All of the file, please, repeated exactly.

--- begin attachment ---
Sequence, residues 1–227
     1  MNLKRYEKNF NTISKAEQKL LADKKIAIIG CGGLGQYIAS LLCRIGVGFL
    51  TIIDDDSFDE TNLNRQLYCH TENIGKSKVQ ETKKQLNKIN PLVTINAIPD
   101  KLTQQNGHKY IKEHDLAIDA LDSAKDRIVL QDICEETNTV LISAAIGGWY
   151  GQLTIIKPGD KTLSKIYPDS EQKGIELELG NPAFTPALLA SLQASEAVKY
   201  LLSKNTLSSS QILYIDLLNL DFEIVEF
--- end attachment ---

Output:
Sequence, residues 1–227
     1  MNLKRYEKNF NTISKAEQKL LADKKIAIIG CGGLGQYIAS LLCRIGVGFL
    51  TIIDDDSFDE TNLNRQLYCH TENIGKSKVQ ETKKQLNKIN PLVTINAIPD
   101  KLTQQNGHKY IKEHDLAIDA LDSAKDRIVL QDICEETNTV LISAAIGGWY
   151  GQLTIIKPGD KTLSKIYPDS EQKGIELELG NPAFTPALLA SLQASEAVKY
   201  LLSKNTLSSS QILYIDLLNL DFEIVEF